Growing up as a Black girl in the 1960s and 1970s, my race and gender created unwanted obstacles to my equal treatment under the law and to opportunities open to me in education, employment, housing and many other areas.
Thankfully, the civil rights movement and women’s right movement knocked down some — though certainly not all — of those obstacles. This progress toward justice and equality was aided by many people, but two of the most important were courageous lawyers who became Supreme Court justices: Thurgood Marshall and Ruth Bader Ginsburg.
Thurgood Marshall, the first Black justice on our nation’s highest court, died in 1993 at age 84. And on Friday we lost Ruth Bader Ginsburg at age 87.
Yet now, the pioneering achievements of Marshall and Ginsburg are threatened by President Trump. The president has dedicated himself to turning back the clock on progress to “Make America Great Again” by appointing as many conservative judges as possible to eliminate reproductive rights, voting rights, gay rights, and many other rights that have benefitted not just Black Americans and women but all Americans.
Trump has already appointed two conservative justices to the Supreme Court. But now — in the waning days of his first (and hopefully final) term in the White House — he wants to rush through a far-right nominee to replace Ginsburg on the high court and take a wrecking ball to many of the hard-fought rights Ginsburg and Marshall won for the American people.
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And Trump’s loyal servant in the Senate — Majority Leader Mitch McConnell, R-Ky.— is determined to do everything in his power to help Trump return America to “the good old days” when Black people and women had far fewer rights than we deserve and enjoy today.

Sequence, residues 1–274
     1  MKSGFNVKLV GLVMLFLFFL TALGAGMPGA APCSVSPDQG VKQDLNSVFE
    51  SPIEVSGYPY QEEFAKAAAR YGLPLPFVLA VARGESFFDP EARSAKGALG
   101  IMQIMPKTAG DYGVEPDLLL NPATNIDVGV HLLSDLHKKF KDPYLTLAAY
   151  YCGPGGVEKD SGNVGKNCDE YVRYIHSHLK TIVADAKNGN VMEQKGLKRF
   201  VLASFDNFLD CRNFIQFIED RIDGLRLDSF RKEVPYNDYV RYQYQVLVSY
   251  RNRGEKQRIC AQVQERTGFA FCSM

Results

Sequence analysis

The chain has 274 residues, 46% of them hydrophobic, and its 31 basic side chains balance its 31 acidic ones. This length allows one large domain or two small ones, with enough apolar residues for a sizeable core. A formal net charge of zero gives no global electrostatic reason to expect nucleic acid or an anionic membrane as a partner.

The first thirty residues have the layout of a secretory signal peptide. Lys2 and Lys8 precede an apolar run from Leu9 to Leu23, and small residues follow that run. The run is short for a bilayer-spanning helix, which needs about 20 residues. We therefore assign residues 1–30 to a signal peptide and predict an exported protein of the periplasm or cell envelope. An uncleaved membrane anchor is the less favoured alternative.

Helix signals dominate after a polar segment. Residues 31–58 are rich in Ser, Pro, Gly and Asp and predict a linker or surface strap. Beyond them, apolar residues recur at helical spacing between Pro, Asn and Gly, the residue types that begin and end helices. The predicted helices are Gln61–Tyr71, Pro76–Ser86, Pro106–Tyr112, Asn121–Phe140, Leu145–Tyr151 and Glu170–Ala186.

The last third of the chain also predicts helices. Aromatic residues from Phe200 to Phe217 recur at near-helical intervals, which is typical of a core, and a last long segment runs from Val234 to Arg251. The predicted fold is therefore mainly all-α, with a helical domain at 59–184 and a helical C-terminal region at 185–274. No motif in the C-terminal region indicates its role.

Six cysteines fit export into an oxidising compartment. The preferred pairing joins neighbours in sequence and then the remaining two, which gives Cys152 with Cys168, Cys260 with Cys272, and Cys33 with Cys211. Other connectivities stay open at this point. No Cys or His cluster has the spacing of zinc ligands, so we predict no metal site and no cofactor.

Never mind that McConnell and Senate Republicans four years ago denied Democratic President Barack Obama his right under the Constitution to appoint Judge Merrick Garland to the Supreme Court following the death of Justice Antonin Scalia. McConnell invented a new rule then, falsely claiming a president had no right to appoint a justice to the high court in an election year.
Obama nominated Garland almost eight months before Election Day. Trump says he will nominate a replacement for Ginsburg on Saturday — after early voting has already begun for the Nov. 3 election. But that’s just fine by McConnell and Republican senators who bow before Trump.
The hypocritical Republicans are only interested in wielding power and winning by any means necessary. Rules, they clearly feel, are for Democrats. Republicans believe they have the right to do whatever they want, they’ve made clear.